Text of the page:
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February 2002:
The mDNSResponder code has a slight architectural change to improve
The mDNSResponder code previously called ScheduleNextTask() after every
operation, to calculate the time at which it needed to be called back to
perform its next timed operation. When the workload is light, and
protocol operations are rare and far apart, this makes sense.
However, on networks where there is a lot of mDNS traffic (or the CPU is
slow), this leads to the following anomolous behaviour: mDNSResponder
spends a lot of CPU time working out what to do next, when what it needs
to do next should be obvious: Finish processing the big backlog of
packets that have been received.
To remedy this, mDNSResponder now only executes ScheduleNextTask() when
there is no other obvious work waiting to be done. However, the
mDNSResponder code does not have direct access to this knowledge. Only
the platform layer below knows whether there are packets waiting to be
processed. Only the client layer above knows whether it is in the
process of performing a long sequence of back-to-back mDNS API calls.
This means that the new architecture places an additional responsibility
on the client layer and/or platform support layer. As long as they have
immediate work to do, they should call the appropriate mDNSCore routines
to accomplish that work. With each call, mDNSCore will do only what it
immediately has to do to satisfy the call. Any optional work will be
deferred. As soon as there is no more immediate work to do, the calling
layer MUST call mDNS_Execute(). Failure to call mDNS_Execute() will lead
to unreliable or incorrect operation.
The value returned from mDNS_Execute() is the next time (in absolute
platform time units) at which mDNS_Execute() MUST be called again to
perform its next necessary operation (e.g. transmitting its next
scheduled query packet, etc.) Note that the time returned is an absolute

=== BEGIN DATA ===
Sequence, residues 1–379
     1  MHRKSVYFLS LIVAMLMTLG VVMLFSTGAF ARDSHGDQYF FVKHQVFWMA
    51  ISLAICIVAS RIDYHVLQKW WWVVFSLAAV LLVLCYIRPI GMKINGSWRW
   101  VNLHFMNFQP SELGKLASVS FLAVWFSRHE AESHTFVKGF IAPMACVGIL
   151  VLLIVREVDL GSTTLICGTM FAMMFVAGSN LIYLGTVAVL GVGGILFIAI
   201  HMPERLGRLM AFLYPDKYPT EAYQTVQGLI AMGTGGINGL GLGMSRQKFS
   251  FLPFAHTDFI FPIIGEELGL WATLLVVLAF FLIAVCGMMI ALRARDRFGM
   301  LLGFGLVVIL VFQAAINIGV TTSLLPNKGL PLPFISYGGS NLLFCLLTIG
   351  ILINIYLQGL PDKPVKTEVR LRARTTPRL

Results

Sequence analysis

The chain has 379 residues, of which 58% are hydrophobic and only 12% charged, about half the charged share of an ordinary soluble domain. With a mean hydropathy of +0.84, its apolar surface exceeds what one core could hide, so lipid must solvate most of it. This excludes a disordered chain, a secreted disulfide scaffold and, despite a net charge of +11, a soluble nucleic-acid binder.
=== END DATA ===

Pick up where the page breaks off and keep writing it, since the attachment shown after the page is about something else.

time, not the time *interval* between now and the next required call.
For OS APIs that work in terms of intervals instead of absolute times,
mDNSPlatformTimeNow() must be subtracted from the absolute time to get
the interval between now and the next event.
In a single-threaded application using a blocking select() call as its
main synchronization point, this means that you should call
mDNS_Execute() before calling select(), and the timeout value you pass
to select() MUST NOT be larger than that indicated by the result
returned from mDNS_Execute(). After the blocking select() call returns,
you should do whatever work you have to do, and then, if mDNS packets
were received, or mDNS API calls were made, be sure to call
mDNS_Execute() again, and if necessary adjust your timeout value
accordingly, before going back into the select() call.
In an asynchronous or interrupt-driven application, there are three
places that should call mDNS_Execute():
1. After delivering received packets, the platform support layer should
call mDNS_Execute(), and use the value returned to set the platform
callback timer to fire at the indicated time.
2. After making any mDNS API call or series of calls, the client layer
should call mDNS_Execute(), and use the value returned to set the
platform callback timer to fire at the indicated time.
3. When the platform callback timer fires, it should call mDNS_Execute()
(to allow mDNSCore to perform its necessary work) and then the timer
routine use the result returned to reset itself to fire at the right
time for the next scheduled event.